Randomized, controlled trials (RCTs) show intentional weight loss improves body composition and physical function in older adults; however, the long-term benefits (and risks) are unknown. We conducted a pilot study to assess the feasibility of recalling prior RCT participants to examine the long-term effects of intentional weight loss on body composition and physical function. A weighted, random sample of 60 older adults who were randomized to caloric restriction plus exercise (CR + EX) or exercise (EX) only in 5 prior RCTs (mean age at randomization, 67.3 years; 69% women, 80% white) were invited to participate. Follow-up was obtained on 89% (42 clinic visits, 10 phone interviews, 1 death) an average of 3.5 years (range, 2.2-5.8 years) after RCT completion. Despite greater weight, fat and lean mass loss during the RCT (mean difference in change (95% CI): -4.19 (-7.52, -0.86), -2.75 (-5.10, -0.40), and -2.32 (-3.69, -0.95) kg, respectively) in those randomized to CR + EX, long-term changes in weight (2.05 (-2.35, 6.45) kg) and body composition (1.80 (-1.56, 5.17) and 0.03 (-2.20, 2.26) kg for fat and lean mass, respectively) from baseline and physical function at long-term follow-up (mean difference in 400-m walk and SPPB (95% CI): 23.2 (-19.3, 65.6) sec and -0.03 (-1.02, 0.96) points, respectively) were similar in CR + EX and EX only. Although improvements in weight and body composition following intentional weight loss may not be sustained long-term, physical function does not appear to be negatively impacted. A larger study is needed to confirm these results.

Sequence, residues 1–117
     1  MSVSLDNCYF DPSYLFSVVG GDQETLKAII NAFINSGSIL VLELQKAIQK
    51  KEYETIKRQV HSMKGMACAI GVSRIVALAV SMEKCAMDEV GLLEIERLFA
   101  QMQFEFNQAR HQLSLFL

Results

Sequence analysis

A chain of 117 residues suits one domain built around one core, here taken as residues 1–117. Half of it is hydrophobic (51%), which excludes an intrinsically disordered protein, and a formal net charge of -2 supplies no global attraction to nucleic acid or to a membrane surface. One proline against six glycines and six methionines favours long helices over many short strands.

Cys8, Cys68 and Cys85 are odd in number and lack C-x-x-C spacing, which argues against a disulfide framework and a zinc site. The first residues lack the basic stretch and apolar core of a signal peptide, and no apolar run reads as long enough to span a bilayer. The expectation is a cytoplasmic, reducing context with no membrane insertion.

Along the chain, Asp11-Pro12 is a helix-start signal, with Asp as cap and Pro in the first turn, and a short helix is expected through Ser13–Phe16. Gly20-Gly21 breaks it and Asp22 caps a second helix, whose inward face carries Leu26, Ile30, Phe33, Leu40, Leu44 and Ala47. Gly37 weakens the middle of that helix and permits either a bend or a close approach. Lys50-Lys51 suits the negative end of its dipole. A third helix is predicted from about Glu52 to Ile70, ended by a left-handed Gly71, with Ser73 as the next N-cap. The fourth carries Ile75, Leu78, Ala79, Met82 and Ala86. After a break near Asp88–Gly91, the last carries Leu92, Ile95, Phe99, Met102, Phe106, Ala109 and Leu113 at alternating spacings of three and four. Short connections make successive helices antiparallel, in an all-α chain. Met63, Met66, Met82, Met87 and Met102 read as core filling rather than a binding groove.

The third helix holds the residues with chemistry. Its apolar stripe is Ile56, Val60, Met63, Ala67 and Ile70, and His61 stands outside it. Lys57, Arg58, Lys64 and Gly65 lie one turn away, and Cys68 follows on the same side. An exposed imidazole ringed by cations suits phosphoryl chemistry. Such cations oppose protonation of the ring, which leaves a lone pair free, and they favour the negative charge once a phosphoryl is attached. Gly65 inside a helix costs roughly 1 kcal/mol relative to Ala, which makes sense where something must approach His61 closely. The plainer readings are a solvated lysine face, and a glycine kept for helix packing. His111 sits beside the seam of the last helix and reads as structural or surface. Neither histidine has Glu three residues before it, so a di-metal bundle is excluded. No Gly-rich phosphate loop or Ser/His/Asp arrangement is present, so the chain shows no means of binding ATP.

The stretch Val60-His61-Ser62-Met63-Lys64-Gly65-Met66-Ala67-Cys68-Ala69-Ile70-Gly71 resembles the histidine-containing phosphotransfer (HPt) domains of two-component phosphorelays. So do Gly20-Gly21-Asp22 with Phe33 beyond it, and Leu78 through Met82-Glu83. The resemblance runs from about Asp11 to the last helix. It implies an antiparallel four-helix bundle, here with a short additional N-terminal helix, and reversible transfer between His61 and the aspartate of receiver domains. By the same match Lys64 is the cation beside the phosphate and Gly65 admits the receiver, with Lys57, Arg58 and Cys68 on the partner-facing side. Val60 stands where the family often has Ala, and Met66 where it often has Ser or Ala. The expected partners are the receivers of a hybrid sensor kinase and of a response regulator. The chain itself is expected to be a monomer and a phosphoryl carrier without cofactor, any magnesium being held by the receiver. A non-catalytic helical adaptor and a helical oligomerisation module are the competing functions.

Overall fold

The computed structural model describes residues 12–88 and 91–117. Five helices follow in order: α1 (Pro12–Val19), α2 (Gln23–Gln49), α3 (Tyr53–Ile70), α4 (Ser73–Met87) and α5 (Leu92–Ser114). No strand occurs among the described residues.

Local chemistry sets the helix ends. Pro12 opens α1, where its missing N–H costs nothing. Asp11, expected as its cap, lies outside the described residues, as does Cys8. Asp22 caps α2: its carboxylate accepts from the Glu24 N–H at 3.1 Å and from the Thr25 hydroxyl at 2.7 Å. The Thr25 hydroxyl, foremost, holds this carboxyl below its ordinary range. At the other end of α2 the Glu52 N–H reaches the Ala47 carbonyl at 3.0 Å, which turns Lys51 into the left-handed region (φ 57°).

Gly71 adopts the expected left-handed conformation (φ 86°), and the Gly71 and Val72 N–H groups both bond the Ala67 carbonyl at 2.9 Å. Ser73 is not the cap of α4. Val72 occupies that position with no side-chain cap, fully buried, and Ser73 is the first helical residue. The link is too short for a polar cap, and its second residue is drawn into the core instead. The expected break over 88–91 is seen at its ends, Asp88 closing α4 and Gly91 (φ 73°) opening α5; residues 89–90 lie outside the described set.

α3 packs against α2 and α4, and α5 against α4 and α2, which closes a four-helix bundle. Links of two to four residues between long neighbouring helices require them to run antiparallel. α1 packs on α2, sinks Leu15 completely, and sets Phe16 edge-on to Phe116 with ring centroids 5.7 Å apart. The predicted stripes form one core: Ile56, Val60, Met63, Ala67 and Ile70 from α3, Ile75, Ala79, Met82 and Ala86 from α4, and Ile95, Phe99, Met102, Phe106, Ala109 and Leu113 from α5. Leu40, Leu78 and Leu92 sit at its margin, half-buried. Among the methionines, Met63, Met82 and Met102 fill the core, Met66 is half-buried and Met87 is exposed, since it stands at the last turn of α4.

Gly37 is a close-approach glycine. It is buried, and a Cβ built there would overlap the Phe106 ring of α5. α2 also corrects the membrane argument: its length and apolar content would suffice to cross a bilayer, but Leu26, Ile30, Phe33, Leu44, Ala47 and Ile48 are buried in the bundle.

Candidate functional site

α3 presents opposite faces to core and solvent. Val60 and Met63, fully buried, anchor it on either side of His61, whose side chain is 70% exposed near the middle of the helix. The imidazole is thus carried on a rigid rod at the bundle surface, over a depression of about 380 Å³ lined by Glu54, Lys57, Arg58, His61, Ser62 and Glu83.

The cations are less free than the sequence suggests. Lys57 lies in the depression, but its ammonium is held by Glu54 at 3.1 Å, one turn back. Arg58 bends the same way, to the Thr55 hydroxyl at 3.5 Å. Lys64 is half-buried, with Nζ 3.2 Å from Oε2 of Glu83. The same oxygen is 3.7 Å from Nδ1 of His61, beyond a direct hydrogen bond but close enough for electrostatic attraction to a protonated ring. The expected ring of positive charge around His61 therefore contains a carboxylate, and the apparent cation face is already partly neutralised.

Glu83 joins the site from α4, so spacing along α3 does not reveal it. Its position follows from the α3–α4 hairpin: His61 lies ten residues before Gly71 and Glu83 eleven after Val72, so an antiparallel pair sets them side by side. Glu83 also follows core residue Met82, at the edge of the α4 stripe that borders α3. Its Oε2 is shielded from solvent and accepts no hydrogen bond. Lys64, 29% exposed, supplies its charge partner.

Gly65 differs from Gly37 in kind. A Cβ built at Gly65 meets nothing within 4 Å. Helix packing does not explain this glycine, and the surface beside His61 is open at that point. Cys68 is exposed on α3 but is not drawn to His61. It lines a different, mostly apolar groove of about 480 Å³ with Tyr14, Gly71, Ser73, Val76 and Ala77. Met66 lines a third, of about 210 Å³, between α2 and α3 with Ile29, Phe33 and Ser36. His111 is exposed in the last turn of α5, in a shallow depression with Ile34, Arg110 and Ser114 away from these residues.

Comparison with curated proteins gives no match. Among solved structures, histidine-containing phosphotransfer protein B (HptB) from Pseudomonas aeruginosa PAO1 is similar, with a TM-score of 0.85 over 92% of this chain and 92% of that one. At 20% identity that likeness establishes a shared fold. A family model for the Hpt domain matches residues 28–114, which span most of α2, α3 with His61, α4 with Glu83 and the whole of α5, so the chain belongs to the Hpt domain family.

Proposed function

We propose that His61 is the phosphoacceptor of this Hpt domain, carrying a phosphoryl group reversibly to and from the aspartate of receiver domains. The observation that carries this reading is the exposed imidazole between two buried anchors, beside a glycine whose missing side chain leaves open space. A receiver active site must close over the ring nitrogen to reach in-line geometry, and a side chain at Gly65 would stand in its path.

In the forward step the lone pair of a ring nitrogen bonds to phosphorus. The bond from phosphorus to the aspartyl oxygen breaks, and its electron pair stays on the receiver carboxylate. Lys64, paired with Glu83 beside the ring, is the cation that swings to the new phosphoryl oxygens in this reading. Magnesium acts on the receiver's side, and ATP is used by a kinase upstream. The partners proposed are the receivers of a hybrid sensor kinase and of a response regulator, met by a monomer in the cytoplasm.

Keywords: Body composition; intentional weight loss; physical function.